|Description:||Business Interruption Insurance
There have been many businesses across the Commonwealth impacted by the pandemic, and many businesses that had business-interruption insurance policies that cannot collect due to claims made on losses because of virus. There have been several legislative proposals in how to find relief or mandate payments by insurers, however my approach would slightly differ.
This bill would require the Insurance Commissioner to establish a review task-force, to determine the number of businesses that filed a business-interruption claim, how many were denied due to a viral pandemic, and what the total amount of claims would be paid out if they had been approved.
Each business under this criteria would also have to disclose if they applied for and received any other federal or state grants or loans as well as how much they received from these programs, and then would receive a percentage of the business-interruption claim that would be further reduced by funds received from other grant and assistance programs.
Introduced as SB1249
|Description:||Restaurant and Lodging Sales Tax Amnesty
I plan to introduce legislation which would provide for a six-month period of sales tax amnesty for restaurants, bars and hotels. While many businesses have been hard hit by the stay-at-home orders, some more than others will struggle more due to the commodity or service provided.
Our restaurants and hotels will continue to see the impacts of a reserved general public, and in an effort to provide incentive, this bill would grant a sales tax amnesty from the time the emergency order is lifted and commence for six months. This would mean that patrons to restaurants as well as those staying in hotels or lodgings would not be required to pay any sales taxes for these services.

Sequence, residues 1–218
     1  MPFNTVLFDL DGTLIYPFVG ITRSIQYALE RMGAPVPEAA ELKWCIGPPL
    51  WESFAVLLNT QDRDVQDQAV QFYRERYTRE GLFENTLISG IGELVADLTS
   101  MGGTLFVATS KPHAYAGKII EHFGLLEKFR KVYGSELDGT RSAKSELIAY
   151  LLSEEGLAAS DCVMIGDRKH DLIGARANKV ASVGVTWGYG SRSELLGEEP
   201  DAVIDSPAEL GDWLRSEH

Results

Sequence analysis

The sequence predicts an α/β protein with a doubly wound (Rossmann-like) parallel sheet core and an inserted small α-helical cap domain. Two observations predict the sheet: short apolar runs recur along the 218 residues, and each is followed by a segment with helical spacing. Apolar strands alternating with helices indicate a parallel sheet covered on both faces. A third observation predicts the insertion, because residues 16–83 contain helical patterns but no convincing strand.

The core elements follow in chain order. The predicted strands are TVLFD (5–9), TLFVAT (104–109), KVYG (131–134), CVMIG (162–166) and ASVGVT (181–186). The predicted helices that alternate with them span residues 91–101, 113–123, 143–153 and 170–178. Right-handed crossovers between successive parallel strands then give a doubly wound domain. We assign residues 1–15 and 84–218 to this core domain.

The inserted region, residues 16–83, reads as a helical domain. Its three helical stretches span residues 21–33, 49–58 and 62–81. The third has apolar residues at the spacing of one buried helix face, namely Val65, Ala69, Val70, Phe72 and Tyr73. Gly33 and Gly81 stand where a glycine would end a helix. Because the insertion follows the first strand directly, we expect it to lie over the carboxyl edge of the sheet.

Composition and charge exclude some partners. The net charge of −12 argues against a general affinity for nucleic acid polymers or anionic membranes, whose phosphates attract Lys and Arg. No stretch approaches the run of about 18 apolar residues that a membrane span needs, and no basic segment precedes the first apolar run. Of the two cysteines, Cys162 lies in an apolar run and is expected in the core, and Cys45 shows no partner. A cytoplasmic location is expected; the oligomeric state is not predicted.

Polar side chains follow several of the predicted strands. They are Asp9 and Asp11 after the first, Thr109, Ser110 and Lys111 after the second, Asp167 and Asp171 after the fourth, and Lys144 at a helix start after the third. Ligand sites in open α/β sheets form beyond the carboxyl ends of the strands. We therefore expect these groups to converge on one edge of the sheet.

Introduced as SB1150
|Description:||Personal Income Tax (PIT) Holiday
I plan to introduce legislation which would provide employers with a state PIT holiday. Specifically, employers would be able to postpone remittance of state employee PIT withholdings for the first quarter of the fiscal year 2020/2021. Over the period of the next three quarters of the fiscal year, those first quarter withholdings would be remitted to the department of revenue.
This small change may help businesses with some additional cash flow in order to pay for or other costs that may require extra capital, while still being able to keep their business going in the aftermath of any shutdown and keep people employed.
|Description:||Johnstown Flood Tax Redistribution
I plan to offer legislation to redistribute proceeds from the Johnstown Flood Tax on alcohol.
First enacted by the legislature in 1937 after a devastating flood, this 18% excise tax on alcoholic spirits brings in annual revenues over $200 million to the general fund. While still a tax on the books bearing the name of a response to a natural disaster, we need to re-purpose this money to fight this current disaster and pay for recovery programs, tax incentives and research to fight the coronavirus.
I plan to legislation to establish a grant of $100 million for daycare services and centers in the Commonwealth.
As we begin to resume normal, societal functions by returning to work and visiting friends and loved ones, child care can and will be an issue for many Pennsylvanians. Due to the schools being closed for the remainder of the year, many parents and families will have to find alternative plans well ahead of the summer schedule.
Under this bill, any licensed daycare facility or child care summer camp/center would be eligible to apply for grant money from the state. Funds awarded from the grants can be used for operational and financial purposes of the facility, however at least 50% must be applied toward costs of child care service, i.e. tuition.
This one-time grant will be able to help these centers that may be having financial difficulty in re-opening and can also help parents with the unexpected costs likely to be incurred with finding child care as they return to work.